According to those in agriculture, things aren’t looking good. Industry workers lament that the lockdown in Nigeria has affected their production in no small measure and that more needs to be done to avert a food shortage in the country.
During a webinar series organized by agricultural journalists, farmers noted that COVID-19 has affected activities across the industry’s entire value chain including preproduction, production, processing, storage, transportation, and marketing, leading to huge financial losses.
Bello Abubakar, national president, of the Maize Association of Nigeria, stated that if care is not taken, there will be a more traumatic problem than COVID-19, given the effects of the pandemic on farming activities.
He explained that farmers who planted for 2019/2020 dry season could not harvest, and that those who were set for planting could not do so because of the lockdown, as they could not access their farms or source agricultural inputs from suppliers.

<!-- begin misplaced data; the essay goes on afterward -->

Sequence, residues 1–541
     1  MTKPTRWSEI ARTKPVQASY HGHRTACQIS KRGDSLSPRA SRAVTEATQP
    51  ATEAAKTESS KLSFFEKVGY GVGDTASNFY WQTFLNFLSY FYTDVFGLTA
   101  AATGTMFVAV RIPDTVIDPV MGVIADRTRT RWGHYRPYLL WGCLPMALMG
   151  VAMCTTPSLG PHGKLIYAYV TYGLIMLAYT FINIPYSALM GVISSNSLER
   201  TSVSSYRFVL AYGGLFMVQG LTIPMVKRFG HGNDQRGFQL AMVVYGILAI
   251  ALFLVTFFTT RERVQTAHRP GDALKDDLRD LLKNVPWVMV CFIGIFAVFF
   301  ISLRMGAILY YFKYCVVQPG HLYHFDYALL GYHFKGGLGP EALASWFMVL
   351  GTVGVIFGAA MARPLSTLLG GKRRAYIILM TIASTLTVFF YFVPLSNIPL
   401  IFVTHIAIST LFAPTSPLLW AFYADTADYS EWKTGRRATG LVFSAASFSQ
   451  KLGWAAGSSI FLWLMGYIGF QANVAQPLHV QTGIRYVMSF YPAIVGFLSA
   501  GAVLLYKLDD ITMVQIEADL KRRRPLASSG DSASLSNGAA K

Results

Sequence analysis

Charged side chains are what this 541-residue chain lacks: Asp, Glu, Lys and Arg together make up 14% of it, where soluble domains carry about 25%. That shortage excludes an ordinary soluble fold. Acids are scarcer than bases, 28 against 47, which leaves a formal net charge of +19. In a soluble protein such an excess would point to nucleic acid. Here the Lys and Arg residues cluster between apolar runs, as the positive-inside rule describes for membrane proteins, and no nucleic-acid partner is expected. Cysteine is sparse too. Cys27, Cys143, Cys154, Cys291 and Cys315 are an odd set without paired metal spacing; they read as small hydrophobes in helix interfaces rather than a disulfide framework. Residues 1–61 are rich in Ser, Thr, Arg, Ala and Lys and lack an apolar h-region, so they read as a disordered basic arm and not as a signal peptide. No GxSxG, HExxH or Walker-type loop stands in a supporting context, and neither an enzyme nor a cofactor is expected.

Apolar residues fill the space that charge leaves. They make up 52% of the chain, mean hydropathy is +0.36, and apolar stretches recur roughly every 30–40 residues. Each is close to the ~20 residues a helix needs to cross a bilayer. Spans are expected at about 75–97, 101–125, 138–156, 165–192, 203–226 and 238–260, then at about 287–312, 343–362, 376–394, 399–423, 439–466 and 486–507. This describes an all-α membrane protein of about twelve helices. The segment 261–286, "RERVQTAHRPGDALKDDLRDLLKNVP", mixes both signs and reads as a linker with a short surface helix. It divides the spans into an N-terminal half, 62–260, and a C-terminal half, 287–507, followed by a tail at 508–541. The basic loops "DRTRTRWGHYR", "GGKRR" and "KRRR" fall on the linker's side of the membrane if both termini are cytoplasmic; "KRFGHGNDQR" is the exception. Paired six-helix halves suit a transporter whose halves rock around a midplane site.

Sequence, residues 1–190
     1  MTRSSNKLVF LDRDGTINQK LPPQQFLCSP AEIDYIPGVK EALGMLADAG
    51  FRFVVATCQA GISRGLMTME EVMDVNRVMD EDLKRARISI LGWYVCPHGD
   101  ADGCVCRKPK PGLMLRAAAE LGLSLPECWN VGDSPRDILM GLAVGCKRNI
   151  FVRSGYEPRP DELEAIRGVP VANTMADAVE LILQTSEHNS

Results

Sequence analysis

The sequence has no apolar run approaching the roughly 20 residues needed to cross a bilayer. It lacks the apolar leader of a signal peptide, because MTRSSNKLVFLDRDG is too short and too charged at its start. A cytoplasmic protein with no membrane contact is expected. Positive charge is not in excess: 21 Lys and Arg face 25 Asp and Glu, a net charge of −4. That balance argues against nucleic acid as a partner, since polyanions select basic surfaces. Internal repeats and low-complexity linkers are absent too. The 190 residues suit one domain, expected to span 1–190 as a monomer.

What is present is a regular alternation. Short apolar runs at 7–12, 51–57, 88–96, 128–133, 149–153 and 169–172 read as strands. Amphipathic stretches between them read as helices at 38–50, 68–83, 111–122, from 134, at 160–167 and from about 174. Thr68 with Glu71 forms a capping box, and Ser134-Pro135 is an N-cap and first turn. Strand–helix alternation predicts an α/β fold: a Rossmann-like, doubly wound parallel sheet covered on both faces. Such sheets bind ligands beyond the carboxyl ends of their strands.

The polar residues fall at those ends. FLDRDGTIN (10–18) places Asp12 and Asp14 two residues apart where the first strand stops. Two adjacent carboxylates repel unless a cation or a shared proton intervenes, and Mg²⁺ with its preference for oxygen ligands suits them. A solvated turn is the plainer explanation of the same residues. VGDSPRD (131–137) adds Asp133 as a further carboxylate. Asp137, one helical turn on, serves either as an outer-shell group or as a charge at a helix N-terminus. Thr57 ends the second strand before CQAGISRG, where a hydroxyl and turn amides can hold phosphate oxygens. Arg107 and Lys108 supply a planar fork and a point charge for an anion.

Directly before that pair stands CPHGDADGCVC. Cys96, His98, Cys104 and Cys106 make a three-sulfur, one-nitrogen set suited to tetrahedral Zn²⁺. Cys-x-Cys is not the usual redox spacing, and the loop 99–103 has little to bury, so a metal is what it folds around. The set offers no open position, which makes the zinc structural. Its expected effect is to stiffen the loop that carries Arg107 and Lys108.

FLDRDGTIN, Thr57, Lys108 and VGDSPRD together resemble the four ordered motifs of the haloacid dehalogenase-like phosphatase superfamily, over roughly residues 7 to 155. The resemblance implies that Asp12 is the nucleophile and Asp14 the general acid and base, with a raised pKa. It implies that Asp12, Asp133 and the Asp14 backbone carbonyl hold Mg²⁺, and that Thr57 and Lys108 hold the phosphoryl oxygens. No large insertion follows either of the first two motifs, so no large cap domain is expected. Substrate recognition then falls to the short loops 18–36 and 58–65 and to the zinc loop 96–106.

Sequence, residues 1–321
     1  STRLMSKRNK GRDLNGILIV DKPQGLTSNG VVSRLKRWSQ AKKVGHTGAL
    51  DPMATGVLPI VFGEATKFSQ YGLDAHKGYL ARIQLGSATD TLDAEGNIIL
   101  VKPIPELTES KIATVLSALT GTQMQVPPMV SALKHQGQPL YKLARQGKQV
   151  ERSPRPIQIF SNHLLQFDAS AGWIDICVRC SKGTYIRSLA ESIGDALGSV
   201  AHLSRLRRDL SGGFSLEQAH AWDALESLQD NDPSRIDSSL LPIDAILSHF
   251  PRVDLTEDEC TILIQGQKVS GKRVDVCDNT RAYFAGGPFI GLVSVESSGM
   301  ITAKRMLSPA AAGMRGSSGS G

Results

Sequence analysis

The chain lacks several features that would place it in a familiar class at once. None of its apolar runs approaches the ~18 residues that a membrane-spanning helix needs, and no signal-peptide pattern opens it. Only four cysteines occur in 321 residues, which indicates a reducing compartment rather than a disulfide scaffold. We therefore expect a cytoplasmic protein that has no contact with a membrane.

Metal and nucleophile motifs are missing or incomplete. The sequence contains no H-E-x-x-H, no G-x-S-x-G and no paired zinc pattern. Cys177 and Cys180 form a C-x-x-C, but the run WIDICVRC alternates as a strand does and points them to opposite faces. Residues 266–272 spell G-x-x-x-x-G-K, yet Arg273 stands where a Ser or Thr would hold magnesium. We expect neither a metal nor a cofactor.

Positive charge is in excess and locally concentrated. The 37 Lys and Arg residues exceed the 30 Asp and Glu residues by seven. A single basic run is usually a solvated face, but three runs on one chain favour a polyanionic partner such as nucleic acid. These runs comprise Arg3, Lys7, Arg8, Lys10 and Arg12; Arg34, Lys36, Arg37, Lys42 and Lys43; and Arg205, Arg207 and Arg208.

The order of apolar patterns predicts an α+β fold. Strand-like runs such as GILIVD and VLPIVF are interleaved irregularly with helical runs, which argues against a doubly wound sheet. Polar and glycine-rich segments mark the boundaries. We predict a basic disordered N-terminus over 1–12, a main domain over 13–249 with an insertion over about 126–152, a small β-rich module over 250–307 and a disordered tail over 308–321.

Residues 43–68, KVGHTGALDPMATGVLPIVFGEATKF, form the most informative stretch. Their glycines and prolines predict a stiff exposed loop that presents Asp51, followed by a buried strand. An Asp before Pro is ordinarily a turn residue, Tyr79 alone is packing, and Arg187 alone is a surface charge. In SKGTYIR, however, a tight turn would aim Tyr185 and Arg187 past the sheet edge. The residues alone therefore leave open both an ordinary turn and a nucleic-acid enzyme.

Ezekiel Ibrahim, national president of the Poultry Association of Nigeria, said that the pandemic has exposed the country’s very poor distribution network for poultry products, making it difficult for farmers to sell what has been produced, or to even adequately take care of their current stock.
Meanwhile, Nafiu Abdu, president, of the Soybean Farmers Association of Nigeria noted that contrary to the experience of others, soybean farmers have not been affected in terms of production since the crop is planted late in the season, starting in the second week of June or in some places, even the beginning of August in some places.
He did, however, expressed worry about the price of inputs, which is becoming very high. Fertilizer now costs over N10,000 in some places, fully double what the federal government sold it for last year.